Carbolic Acid Disinfecting Powders differ considerably in their nature according to the material used as a basis and the proportion of carbolic acid introduced. In some cases, the basis of the powder is slaked lime, but the resultant "carbolate of limo" has been proved to be of little value for disinfecting purposes. " Maedougall's Disinfecting Powder" is made by adding a certain pro portion of crude carbolic acid to an impure sulphite of calcium, prepared by passing sulphurous acid over ignited limestone. The produet often contains far more sulphate than sulphite, and not unfreqnently contains free lime, which reduces its disinfecting value. " Calvert's Carbolic Acid Powder" is made by adding carbolic acid to the silicious residue resulting from the manufacture of sulphate of aluminium from shale. Sand, clay, and other materials are sometimes used. Good carbolic acid powders should contain at least 12 or 15 per cent of crude carbolic acid. They are liable to lose 1 or 2 per cent. of the acid by volatilization. Some powders in the market contain only 4 or 5 per cent. of total oils, of which less than half are really carbolic and eresylie acids, the remainder being worthless tar-oil.
The proportion of crude carbolic acid contained in silicious carbolic acid powders may be readily ascertained by the following proeess. 1000 grains of the sample are placed in a retort and heated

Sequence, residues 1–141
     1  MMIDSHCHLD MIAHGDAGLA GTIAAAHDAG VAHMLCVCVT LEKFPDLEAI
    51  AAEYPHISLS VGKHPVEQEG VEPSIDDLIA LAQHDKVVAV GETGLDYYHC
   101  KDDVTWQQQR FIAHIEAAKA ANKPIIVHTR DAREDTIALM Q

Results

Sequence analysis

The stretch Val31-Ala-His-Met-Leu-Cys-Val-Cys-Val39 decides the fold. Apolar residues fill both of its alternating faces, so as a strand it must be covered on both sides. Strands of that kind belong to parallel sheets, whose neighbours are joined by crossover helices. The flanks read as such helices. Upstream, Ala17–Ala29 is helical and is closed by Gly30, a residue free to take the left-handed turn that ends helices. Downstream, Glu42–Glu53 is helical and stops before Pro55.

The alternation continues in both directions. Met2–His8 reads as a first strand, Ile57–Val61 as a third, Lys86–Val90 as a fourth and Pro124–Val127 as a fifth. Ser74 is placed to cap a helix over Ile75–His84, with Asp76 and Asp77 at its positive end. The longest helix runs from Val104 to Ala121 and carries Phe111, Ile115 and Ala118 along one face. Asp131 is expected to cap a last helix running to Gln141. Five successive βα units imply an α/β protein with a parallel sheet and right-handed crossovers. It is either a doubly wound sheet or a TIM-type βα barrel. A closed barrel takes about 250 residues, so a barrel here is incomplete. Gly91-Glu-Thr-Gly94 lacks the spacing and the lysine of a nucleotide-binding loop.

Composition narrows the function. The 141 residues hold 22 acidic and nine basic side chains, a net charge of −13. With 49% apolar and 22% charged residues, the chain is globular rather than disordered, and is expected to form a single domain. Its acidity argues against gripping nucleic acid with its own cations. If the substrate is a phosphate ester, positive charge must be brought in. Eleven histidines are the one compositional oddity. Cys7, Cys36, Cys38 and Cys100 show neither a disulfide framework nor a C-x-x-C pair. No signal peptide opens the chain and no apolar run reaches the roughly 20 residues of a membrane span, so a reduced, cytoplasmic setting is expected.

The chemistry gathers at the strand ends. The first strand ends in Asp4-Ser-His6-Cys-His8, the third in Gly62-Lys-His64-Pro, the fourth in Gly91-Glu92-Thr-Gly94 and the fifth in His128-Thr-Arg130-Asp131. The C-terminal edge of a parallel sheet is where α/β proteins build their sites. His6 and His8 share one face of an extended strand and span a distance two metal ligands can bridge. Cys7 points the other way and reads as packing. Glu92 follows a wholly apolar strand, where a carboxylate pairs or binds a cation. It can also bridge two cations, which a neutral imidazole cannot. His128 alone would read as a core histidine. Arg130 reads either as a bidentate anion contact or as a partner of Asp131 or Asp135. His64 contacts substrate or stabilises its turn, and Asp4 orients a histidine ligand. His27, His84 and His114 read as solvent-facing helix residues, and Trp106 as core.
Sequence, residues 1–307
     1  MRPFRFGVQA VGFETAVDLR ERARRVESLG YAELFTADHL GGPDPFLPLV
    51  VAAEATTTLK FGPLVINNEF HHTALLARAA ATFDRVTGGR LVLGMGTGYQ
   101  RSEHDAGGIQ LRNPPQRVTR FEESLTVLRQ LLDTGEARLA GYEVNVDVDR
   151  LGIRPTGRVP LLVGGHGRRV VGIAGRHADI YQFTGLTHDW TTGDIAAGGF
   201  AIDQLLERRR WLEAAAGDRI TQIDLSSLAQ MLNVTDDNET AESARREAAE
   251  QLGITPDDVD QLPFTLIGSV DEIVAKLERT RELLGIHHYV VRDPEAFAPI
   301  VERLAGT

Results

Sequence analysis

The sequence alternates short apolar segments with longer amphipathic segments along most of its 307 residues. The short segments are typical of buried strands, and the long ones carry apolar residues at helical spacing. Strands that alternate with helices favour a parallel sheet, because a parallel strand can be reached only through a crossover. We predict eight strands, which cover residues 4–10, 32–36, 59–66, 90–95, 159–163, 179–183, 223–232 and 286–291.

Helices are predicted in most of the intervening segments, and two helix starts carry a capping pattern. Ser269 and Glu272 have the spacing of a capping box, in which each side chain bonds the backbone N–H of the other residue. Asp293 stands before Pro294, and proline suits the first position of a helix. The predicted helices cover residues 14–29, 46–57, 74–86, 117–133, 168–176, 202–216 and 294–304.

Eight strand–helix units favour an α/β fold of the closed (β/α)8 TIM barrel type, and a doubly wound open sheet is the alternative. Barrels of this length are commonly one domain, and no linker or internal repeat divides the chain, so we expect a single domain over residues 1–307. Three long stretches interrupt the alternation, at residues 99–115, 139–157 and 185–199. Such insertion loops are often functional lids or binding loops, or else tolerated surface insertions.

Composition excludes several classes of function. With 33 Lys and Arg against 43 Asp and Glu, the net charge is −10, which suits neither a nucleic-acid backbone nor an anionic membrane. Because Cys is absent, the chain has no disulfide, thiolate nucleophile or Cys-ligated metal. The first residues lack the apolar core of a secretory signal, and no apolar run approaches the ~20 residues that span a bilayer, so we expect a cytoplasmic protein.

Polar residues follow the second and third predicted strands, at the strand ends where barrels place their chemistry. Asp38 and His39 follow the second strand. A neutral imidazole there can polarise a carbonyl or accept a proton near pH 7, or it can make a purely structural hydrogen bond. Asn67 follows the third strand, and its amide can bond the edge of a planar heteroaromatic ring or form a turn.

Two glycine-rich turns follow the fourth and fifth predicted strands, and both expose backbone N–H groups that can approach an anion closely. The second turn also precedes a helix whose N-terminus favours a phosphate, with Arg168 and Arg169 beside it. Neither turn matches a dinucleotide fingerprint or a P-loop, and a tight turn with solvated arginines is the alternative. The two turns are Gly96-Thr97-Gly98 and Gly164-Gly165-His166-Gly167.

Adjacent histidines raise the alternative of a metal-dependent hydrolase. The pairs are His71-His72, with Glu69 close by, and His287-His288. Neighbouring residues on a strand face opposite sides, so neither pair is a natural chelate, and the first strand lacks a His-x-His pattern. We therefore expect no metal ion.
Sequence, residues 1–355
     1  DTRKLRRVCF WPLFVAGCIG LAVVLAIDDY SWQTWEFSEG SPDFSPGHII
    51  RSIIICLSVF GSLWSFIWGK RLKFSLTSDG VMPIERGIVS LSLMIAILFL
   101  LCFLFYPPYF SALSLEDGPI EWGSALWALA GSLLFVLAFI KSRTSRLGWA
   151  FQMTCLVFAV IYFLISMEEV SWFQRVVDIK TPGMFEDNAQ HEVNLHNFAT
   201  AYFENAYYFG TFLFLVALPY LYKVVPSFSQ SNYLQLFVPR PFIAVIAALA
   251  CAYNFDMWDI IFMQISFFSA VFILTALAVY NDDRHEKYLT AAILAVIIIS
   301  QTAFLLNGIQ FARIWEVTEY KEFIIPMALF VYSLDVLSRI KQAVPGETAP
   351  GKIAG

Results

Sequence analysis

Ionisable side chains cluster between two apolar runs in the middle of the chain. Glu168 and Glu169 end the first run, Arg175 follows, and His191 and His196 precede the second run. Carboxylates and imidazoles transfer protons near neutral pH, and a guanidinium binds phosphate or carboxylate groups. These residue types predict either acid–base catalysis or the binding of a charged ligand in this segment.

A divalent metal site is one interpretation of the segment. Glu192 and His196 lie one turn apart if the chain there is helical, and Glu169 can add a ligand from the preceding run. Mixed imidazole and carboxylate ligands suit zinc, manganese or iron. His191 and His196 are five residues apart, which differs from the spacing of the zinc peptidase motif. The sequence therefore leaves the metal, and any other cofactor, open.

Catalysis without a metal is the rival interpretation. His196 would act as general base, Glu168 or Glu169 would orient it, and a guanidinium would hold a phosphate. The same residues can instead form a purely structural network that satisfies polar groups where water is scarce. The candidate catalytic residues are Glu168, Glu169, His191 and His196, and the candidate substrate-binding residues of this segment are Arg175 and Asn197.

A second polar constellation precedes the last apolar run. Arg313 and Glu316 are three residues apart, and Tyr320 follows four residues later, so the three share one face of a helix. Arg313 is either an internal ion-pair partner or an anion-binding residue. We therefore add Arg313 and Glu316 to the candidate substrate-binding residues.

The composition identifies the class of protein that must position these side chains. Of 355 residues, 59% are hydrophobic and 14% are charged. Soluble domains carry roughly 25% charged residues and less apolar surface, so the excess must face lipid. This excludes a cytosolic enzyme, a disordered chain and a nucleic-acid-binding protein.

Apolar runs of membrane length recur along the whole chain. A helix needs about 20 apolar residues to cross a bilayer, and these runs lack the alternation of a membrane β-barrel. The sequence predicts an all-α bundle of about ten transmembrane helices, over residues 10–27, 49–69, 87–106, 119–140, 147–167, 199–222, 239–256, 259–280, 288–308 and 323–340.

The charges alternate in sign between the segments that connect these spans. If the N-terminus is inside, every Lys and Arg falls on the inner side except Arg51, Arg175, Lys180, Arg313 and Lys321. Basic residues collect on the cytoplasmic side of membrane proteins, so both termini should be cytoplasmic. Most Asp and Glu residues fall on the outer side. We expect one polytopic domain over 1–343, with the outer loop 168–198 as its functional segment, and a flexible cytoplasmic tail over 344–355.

over a flame. Crude carbolic aoid distils over and may be collected in a graduated tube. The process is continued till nothing more distils. The heat should be pushed to dull redness and the retort occasionally shaken. On standing, the aqueous portion of the distillate separates from the oily liquid, and the volume of the latter may be read off. The lose in the process is usually about •8 per cent., which may be added to the result obtained. The crude carbolic acid obtained may be examined for neutral coal-oils by the process described above.
The manufacture of carbolic acid is of comparatively recent growth, having been originated by the late Dr. F. Crace Calvert, of Manchester. The manufacture is probably increasing, but is still chiefly confined to Manchester and the neighbourhood, and is in comparatively few haude. The manufactured article is disposed of chiefly to wholesale chemists, druggists, and drysalters; to the manufacturers of dyeing materials and disinfecting powders, and in other ways indieated by the uses to which the article is put. (See also article on " Coal-tar Products.") A. H. A